6. Now when the multitude had heard God himself giving those precepts which Moses had discoursed of, they rejoiced at what was said; and the congregation was dissolved: but on the following days they came to his tent, and desired him to bring them, besides, other laws from God. Accordingly he appointed such laws, and afterwards informed them in what manner they should act in all cases; which laws I shall make mention of in their proper time; but I shall reserve most of those laws for another work, (11) and make there a distinct explication of them.
7. When matters were brought to this state, Moses went up again to Mount Sinai, of which he had told them beforehand. He made his ascent in their sight; and while he staid there so long a time, (for he was absent from them forty days,) fear seized upon the Hebrews, lest Moses should have come to any harm; nor was there any thing else so sad, and that so much troubled them, as this supposal that Moses was perished. Now there was a variety in their sentiments about it; some saying that he was fallen among wild beasts; and those that were of this opinion were chiefly such as were ill-disposed to him; but others said that he was departed, and gone to God; but the wiser sort were led by their reason to embrace neither of those opinions with any satisfaction, thinking, that as it was a thing that sometimes happens to men to fall among wild beasts and perish that way, so it was probable enough that he might depart and go to God, on account of his virtue; they therefore were quiet, and expected the event: yet were they exceeding sorry upon the supposal that they were deprived of a governor and a protector, such a one indeed as they could never recover again; nor would this suspicion give them leave to expect any comfortable event about this man, nor could they prevent their trouble and melancholy upon this occasion. However, the camp durst not remove all this while, because Moses had bidden them afore to stay there.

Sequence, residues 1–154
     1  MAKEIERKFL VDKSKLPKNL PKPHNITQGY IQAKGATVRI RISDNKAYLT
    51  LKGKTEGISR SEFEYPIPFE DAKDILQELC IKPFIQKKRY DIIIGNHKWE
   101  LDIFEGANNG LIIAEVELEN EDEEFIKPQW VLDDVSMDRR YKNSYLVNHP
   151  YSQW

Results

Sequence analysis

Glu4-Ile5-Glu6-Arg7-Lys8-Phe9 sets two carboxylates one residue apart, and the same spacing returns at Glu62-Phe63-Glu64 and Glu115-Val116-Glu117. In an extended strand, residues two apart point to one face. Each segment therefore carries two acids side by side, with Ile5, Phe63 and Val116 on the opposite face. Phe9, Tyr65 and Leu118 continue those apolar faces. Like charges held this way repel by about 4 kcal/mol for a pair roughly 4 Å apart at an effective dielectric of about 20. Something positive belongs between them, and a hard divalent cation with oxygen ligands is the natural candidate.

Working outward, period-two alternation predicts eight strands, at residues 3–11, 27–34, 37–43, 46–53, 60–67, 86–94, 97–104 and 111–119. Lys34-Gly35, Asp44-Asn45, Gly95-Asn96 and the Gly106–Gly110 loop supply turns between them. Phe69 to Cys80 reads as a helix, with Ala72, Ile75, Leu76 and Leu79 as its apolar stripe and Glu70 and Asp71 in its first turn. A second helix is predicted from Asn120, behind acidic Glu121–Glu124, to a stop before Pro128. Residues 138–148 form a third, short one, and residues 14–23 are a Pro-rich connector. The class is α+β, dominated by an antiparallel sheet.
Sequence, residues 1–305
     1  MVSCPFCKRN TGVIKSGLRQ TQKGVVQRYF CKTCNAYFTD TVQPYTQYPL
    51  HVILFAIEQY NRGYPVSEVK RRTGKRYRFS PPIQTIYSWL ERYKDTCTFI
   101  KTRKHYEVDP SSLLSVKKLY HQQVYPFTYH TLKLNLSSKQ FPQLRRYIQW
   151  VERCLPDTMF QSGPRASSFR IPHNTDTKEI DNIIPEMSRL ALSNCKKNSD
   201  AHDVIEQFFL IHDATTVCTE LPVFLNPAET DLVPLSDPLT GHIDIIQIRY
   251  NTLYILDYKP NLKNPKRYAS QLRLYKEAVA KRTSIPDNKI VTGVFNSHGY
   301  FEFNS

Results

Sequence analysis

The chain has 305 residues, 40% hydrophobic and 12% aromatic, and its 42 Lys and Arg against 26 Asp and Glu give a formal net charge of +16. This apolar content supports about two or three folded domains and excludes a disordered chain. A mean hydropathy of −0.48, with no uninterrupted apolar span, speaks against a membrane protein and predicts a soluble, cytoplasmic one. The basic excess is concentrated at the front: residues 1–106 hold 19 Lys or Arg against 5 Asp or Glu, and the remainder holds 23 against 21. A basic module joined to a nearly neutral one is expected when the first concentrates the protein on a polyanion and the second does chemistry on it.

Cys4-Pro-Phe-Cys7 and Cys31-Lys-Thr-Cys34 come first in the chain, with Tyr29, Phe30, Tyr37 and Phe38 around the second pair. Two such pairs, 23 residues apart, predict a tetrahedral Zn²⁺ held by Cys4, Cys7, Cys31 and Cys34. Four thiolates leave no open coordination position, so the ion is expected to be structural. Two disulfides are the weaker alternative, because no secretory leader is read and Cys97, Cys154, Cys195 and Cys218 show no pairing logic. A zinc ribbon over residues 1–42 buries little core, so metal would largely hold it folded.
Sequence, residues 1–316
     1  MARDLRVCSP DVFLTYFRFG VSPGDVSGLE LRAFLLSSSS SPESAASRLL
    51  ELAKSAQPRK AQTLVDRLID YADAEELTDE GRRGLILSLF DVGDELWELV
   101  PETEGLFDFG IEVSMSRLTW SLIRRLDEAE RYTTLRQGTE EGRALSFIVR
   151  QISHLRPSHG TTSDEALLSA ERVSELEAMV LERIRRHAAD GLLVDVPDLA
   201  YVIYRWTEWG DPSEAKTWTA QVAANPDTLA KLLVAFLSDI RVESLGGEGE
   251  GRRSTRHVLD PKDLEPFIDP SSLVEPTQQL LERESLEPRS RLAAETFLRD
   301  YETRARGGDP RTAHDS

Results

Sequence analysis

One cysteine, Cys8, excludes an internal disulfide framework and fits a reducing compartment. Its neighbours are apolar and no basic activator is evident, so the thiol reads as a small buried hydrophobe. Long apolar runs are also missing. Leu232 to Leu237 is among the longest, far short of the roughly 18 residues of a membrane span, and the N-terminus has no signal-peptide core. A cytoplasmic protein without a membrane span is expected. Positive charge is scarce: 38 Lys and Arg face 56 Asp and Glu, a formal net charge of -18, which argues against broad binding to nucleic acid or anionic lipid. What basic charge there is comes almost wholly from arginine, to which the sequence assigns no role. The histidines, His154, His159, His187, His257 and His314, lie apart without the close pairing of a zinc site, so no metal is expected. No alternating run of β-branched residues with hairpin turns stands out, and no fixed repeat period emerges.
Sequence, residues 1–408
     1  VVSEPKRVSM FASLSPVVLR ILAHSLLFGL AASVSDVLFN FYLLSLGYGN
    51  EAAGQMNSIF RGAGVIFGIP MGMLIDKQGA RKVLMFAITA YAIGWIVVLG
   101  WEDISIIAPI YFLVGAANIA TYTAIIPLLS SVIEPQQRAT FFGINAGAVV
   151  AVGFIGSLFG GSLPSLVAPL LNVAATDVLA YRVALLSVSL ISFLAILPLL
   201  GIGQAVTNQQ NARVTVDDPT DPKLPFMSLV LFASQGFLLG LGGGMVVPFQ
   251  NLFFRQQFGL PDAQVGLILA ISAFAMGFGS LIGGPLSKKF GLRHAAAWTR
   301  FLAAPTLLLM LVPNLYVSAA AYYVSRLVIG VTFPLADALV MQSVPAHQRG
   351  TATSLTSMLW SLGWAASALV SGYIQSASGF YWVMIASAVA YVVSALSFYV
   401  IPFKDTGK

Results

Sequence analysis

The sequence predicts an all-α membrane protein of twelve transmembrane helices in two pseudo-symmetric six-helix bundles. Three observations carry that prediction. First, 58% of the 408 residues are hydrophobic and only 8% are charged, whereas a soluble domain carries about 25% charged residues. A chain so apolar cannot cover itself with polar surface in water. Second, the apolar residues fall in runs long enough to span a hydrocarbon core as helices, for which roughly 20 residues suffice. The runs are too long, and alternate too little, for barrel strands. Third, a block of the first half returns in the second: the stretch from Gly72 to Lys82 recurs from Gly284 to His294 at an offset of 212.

8. But when the forty days, and as many nights, were over, Moses came down, having tasted nothing of food usually appointed for the nourishment of men. His appearance filled the army with gladness, and he declared to them what care God had of them, and by what manner of conduct of their lives they might live happily; telling them, that during these days of his absence he had suggested to him also that he would have a tabernacle built for him, into which he would descend when he came to them, and how we should carry it about with us when we remove from this place; and that there would be no longer any occasion for going up to Mount Sinai, but that he would himself come and pitch his tabernacle amongst us, and be present at our prayers; as also, that the tabernacle should be of such measures and construction as he had shown him, and that you are to fall to the work, and prosecute it diligently. When he had said this, he showed them the two tables, with the ten commandments engraven upon them, five upon each table; and the writing was by the hand of God.
(9) Since this mountain, Sinai, is here said to be the highest of all the mountains that are in that country, it must be that now called St. Katherine’s, which is one-third higher than that within a mile of it, now called Sinai, as Mons. Thevenot informs us, Travels, Part I. ch. 23. p. 168. The other name of it, Horeb, is never used by Josephus, and perhaps was its name among the Egyptians only, whence the Israelites were lately come, as Sinai was its name among the Arabians, Canaanites, and other nations. Accordingly when (1Ki_9:8) the Scripture says that Elijah came to Horeb, the mount of God, Josephus justly says, Antiq. B. VIII. ch. 13. sect. 7, that he came to the mountain called Sinai: and Jerome, here cited by Dr. Hudson, says, that he took this mountain to have two names, Sinai and Choreb. De Nomin. Heb. p. 427.
(10) Of this and another like superstitious notion of the Pharisees, which Josephus complied with, see the note on Antiq. B. II. ch. 12. sect. 4.
(11) This other work of Josephus, here referred to, seems to be that which does not appear to have been ever published, which yet he intended to publish, about the reasons of many of the laws of Moses; of which see the note on the Preface, sect. 4.